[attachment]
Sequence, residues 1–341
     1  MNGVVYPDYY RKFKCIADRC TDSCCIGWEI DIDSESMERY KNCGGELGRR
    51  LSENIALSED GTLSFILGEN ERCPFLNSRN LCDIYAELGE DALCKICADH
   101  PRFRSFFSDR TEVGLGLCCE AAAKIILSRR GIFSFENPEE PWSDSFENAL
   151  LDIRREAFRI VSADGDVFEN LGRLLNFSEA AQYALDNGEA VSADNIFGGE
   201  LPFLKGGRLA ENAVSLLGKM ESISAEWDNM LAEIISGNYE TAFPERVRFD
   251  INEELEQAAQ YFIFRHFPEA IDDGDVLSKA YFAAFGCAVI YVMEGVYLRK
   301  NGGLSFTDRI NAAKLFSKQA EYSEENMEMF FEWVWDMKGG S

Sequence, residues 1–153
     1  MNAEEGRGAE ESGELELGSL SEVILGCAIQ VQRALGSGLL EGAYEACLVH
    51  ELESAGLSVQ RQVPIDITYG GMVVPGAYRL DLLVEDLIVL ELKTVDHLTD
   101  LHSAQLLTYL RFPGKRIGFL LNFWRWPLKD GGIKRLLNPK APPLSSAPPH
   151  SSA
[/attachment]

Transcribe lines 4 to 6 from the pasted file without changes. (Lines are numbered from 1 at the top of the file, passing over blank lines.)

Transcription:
   101  PRFRSFFSDR TEVGLGLCCE AAAKIILSRR GIFSFENPEE PWSDSFENAL
   151  LDIRREAFRI VSADGDVFEN LGRLLNFSEA AQYALDNGEA VSADNIFGGE
   201  LPFLKGGRLA ENAVSLLGKM ESISAEWDNM LAEIISGNYE TAFPERVRFD